For the majority of South Africans art exhibitions do not feature anywhere near the top of their list of favourite things to do. Exhibition openings may be relatively well attended, depending on the venue and (to a lesser extent it sometimes seems) on the artist. But openings usually attract more or less the same crowd, all forming part of South Africa's small 'art world'. And yet the recent Leonardo da Vinci and Marc Chagall exhibitions drew unprecedented crowds.
Source: De Arte 2001, pp 93 –95 (2001)More Less
The Corobrik Collection is a collection of contemporary South African ceramics acquired with the sponsorship of the brick manufacturers, Corobrik. No other private or public organisation in South Africa has had a dedicated policy for collecting contemporary ceramics. As such the Corobrik Collection is unique. Its value is inestimable representing as it does a collection that is of both historic and aesthetic worth.
Source: De Arte 2001, pp 97 –99 (2001)More Less
The collection of Melrose House, and indeed the garden too, cannot be separated from the house itself. Melrose House is situated on four erven, which together with the house and all the outbuildings, are declared a National Monument. The implication is that the terrain and buildings should be seen as a unit. Initially Melrose House was a residence and only much later became a museum. This fact is reflected in the collection. Approximately 80% of the items in the collection of Melrose House belonged to the original owners, George Jesse and Emma Jane Heys.
Marc Chagall : The Light of Origins, H. Smuts (text), P. Emmanuel (design) and J. Gordin (editing) : book reviewAuthor J. BrennerSource: De Arte 2001, pp 104 –105 (2001)More Less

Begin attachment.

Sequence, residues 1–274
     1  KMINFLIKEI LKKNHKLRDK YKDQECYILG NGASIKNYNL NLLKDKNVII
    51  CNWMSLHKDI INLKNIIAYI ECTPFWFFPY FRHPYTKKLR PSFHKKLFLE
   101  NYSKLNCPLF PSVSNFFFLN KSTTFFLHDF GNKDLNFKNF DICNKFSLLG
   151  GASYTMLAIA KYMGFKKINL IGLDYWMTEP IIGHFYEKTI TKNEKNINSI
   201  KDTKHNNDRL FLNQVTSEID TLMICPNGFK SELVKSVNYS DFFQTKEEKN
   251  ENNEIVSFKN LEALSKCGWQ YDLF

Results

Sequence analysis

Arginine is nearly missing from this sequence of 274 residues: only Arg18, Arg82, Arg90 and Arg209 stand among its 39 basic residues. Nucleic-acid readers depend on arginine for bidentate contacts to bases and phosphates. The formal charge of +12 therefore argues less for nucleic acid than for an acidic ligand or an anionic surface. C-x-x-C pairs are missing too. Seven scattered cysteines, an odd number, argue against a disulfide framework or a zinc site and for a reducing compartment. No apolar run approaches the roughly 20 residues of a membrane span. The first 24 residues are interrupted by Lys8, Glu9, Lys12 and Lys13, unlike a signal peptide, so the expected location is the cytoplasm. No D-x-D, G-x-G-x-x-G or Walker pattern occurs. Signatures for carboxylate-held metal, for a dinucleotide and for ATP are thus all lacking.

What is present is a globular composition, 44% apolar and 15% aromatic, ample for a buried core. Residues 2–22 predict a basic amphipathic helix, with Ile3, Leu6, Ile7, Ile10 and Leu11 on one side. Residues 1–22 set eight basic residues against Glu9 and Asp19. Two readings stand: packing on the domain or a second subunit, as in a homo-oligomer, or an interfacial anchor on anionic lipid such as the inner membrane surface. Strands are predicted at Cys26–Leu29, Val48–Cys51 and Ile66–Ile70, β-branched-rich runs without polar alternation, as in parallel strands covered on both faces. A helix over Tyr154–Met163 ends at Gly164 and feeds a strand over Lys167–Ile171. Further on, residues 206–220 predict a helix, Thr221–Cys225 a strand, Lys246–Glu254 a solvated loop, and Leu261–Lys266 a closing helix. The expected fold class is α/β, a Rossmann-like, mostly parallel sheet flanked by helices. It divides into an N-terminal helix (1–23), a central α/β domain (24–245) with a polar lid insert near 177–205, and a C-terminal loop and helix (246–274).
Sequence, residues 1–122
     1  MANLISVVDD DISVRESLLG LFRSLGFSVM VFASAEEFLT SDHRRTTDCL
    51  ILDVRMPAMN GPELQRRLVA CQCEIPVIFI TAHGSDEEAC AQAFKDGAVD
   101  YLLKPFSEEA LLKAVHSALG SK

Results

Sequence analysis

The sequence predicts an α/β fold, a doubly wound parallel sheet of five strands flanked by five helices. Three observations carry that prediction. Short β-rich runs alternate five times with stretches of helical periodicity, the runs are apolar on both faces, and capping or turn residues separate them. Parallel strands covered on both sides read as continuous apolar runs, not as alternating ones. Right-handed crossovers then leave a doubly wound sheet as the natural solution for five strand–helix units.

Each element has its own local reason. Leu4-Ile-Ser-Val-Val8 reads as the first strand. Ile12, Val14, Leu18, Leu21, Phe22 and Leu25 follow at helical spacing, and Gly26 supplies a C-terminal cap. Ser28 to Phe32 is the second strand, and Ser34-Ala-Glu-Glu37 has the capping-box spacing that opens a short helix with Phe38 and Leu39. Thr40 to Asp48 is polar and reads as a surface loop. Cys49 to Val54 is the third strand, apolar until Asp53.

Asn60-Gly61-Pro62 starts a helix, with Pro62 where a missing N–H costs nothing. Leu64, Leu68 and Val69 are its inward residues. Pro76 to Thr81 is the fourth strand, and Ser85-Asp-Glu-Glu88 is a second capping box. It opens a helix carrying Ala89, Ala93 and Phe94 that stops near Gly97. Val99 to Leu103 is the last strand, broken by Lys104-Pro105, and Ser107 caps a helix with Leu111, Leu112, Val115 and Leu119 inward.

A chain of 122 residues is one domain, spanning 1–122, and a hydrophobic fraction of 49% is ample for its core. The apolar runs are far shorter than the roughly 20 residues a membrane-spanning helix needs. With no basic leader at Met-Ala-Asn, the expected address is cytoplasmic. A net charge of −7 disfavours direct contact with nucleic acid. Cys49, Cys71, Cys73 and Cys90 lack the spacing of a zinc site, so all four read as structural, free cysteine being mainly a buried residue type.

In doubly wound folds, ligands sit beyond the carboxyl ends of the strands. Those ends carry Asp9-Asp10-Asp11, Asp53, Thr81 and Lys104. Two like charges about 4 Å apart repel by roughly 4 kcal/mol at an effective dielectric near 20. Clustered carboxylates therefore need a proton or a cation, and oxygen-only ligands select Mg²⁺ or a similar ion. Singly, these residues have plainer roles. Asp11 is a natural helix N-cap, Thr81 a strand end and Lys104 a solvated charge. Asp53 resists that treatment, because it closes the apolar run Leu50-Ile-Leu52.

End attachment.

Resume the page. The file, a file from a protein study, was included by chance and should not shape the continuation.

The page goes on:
The educational resource is an interactive exploration of the world of Chagall. It has a broad and adaptable target audience - children, parents, learners and teachers. It is interactive in that it constantly asks participants what they think, what they respond to, what the images remind them of and what connections they can make between the stories and ideas contained in the images and their own private worlds. The resource book offers methods for locating oneself in relation to the works - methods that promote some kind of personal understanding of the work.
David III Ryckaert : A Seventeenth-Century Flemish Painter of Peasant Scenes, Bernadette van Haute : book reviewAuthor J. CarmanSource: De Arte 2001, pp 105 –113 (2001)More Less
Source: De Arte 2001, pp 113 –116 (2001)More Less
The Oxford University Press advertising for this volume touts it as 'The most important new art history for 50 years'. To substantiate this statement, the advantages over other art histories are listed as (among other things) 'innovative way[s] of looking at art in context by social historical periods rather than the traditional stylistic categories ... [the examination of] key issues of interpretation such as patronage, physical contexts, viewing and reception, gender and race...exceptionally wide coverage of Western visual culture, including the applied arts, design, and photography as well as cross-fertilizations with non-Western traditions such as Latin American, African, and Afro-Caribbean art'.